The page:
Directed by Michael Moore
Starring: Michael Moore, Wallace Shawn, Jimmy Carter, Ronald Reagan
Anyone who is familiar with director/writer/activist Michael Moore‘s documentary film style (and let’s face it, after Bowling For Columbine, Fahrenheit 9/11, and Sicko, who isn’t?) is probably well aware of what he is for and what he is against. Luckily for the sake of Capitalism: A Love Story, Moore hasn’t forgotten what he’s against either and this doc is meticulously focussed on portraying the excesses and greed of the uber-rich and the banks that led to the stock market collapse. As usual, Moore is riotously biased, doesn’t hide it, and makes no apologies. The result is agit-prop gone so very, very right.
All the usual Moore-tricks are in play here – the dilapidation of Flint, Michigan, the comparison between the U.S. and other nations with similar problems (in this case, Germany and Japan), the absurd Bush administration, and quite hilariously, his infamous ambushes, this time of Wall Street, demanding the tax payers bailout money back.
But his portrayal of how capitalism has trumped democracy is truly at the heart of the matter. We meet children locked up in juvenile detention by a judge in the pocket of the corporations for offences as minor as having a MySpace page or throwing a piece of bread. Remember Sully? Captain Sullivan, the heroic pilot who safely landed a plane in the Hudson River earlier this year? Watch him testify to congress in protest of his pension cut because, as it turns out, he and all pilots make less annually than a manager at Taco Bell. We meet people put out of their own homes by the Sherriff’s office, living in their car, or squatting in abandoned homes. What’s most disturbing is the practice by large corporations such as old-Moore-nemesis Walmart to take out life insurance policies on their employees, effectively earning thousands-to-millions when an employee dies. Moore reveals that in the policy, to our disturbance, the employees are referred to as “Dead Peasants.”
Don’t worry, it’s not all a downer. There are mega-LOLs to be had here as well. Moore is quite particular about the emotions he wants his audience to feel. Once he’s broken you with all the sadness, he makes you howl at the absurdity of the system. Satirizing dominant culture’s belief that capitalism is actually in keeping with Christianity, some Jesus of Nazareth movie clips are employed with ludicrous voice-overs. “I cannot heal your pre-existing condition” Jesus now says, instead of curing the crippled and the blind. Cultural jokes like Joe the Plummer and Obama The Socialist are mocked to good measure, but the funniest section isn’t even filmed or created by Moore. Keep a keen eye out for the YouTube video sensation that mocks Cleveland. You won’t have a gut left to bust.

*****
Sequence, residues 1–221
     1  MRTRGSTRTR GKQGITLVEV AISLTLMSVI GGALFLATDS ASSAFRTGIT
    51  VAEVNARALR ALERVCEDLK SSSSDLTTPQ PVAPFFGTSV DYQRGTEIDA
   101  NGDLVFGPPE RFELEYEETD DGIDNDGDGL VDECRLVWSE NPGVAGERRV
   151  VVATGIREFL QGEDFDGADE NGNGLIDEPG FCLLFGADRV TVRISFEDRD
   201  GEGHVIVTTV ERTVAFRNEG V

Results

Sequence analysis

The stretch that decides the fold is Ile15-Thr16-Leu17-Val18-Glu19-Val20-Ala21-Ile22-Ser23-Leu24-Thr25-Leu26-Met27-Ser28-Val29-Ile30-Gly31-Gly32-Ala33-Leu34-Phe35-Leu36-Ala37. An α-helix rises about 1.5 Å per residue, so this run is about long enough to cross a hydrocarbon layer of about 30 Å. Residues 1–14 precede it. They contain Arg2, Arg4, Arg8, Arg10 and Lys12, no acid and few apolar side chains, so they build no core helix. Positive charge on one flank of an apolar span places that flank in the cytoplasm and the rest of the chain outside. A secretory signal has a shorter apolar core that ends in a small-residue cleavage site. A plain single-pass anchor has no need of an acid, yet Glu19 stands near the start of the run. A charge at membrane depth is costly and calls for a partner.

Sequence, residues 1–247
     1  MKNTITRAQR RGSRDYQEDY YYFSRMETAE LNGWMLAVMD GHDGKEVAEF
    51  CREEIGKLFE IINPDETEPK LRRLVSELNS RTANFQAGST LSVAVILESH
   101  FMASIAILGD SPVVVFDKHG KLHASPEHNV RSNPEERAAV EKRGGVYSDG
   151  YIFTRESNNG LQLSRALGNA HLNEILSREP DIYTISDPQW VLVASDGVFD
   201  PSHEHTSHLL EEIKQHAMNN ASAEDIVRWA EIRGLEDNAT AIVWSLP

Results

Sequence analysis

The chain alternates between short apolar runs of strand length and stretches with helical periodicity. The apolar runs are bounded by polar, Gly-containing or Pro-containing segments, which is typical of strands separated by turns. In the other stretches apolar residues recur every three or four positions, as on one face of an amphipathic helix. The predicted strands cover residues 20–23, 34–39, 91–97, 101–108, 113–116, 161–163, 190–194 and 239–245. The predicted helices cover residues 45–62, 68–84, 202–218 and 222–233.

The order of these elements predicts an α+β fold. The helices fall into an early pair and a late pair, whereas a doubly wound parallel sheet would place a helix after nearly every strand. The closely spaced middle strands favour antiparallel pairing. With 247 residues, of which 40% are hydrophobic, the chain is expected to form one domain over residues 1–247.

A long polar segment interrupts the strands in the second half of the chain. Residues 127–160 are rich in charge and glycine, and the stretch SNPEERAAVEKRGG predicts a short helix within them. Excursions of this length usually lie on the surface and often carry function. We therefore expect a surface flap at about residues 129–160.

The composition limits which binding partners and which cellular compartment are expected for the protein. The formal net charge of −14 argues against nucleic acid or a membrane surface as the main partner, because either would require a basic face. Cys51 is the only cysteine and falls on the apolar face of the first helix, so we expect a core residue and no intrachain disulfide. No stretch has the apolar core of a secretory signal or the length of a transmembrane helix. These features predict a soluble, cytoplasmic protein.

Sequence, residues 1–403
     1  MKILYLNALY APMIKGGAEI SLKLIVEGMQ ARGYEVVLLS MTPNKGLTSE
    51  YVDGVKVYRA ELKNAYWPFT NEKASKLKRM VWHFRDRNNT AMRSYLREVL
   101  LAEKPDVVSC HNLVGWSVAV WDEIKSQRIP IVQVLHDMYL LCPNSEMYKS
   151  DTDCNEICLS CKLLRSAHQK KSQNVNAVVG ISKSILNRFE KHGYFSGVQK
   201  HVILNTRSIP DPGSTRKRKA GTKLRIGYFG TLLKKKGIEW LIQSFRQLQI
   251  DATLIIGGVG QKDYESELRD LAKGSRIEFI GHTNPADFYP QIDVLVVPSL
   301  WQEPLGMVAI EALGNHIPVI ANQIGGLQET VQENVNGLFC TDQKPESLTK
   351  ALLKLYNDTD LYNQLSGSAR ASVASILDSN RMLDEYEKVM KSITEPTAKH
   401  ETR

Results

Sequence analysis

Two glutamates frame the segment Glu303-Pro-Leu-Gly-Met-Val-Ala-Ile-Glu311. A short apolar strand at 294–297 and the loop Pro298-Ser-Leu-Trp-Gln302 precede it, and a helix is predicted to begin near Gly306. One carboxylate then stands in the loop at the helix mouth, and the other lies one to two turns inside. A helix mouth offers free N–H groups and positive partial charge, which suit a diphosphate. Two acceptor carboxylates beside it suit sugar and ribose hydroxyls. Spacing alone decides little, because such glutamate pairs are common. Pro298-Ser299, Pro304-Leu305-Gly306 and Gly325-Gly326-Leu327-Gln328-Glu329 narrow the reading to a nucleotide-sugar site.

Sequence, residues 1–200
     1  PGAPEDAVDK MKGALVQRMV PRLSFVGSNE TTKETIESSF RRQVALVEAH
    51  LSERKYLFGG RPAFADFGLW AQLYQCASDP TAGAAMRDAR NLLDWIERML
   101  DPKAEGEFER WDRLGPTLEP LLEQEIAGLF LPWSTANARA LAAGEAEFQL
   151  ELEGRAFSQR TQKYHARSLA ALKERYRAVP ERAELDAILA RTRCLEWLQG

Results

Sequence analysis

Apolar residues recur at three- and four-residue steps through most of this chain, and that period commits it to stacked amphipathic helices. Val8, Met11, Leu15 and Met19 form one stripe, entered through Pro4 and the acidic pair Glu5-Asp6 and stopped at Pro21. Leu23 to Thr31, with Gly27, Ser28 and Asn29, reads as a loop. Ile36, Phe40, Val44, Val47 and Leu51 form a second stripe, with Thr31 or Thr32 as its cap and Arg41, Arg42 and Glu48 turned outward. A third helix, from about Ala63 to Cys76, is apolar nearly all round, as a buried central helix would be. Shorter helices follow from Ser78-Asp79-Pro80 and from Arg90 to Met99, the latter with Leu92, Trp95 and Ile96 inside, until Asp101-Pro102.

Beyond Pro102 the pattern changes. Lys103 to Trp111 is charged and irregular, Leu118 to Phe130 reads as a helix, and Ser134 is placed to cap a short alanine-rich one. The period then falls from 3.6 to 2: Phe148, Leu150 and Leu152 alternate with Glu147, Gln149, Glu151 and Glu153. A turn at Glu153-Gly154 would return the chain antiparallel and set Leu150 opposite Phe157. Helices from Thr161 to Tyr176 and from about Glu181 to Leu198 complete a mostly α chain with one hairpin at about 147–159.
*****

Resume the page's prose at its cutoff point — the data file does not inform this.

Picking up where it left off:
With the juxtaposition of laughs next to tears, what really makes a documentary effective is when change and revolution set in. The rebellion here is between the haves and the have-nots, and Moore asserts that the election of Barack Obama was a key act of rebellion by the people. The poor may have no money, no homes, and underpaid jobs, Moore says, but they still have the vote. And that gives them the majority of power, which threatens the Plutonomy. After Obama’s election, we see greater examples of rebellion – workers locking themselves in their factories in protest until their pensions are paid. Home-owners refusing to be evicted from their own homes. Worker-owned businesses forming and being more lucrative than hierarchical businesses. Even members of congress advocating greater rebellion by the people against the wealthy aristocracy.
Cinephiles will note the references to other films (Atonement, Napoleon Dynamite, Frost/Nixon, even Moore’s own Roger & Me). But the great achievement of Capitalism: A Love Story is that Moore lets his audience know that they can make a difference. As the credits role and inspirational quotes and anecdotes are spliced in, the audience is then certain that they are a part of this rebellion and will continue the fight. The message is empowering, very potent, and stirring. That’s what makes Capitalism: A Love Story a riveting documentary. Take away the politics and the bias, the audience here is the hero. And I don’t know about you, but I like being the hero.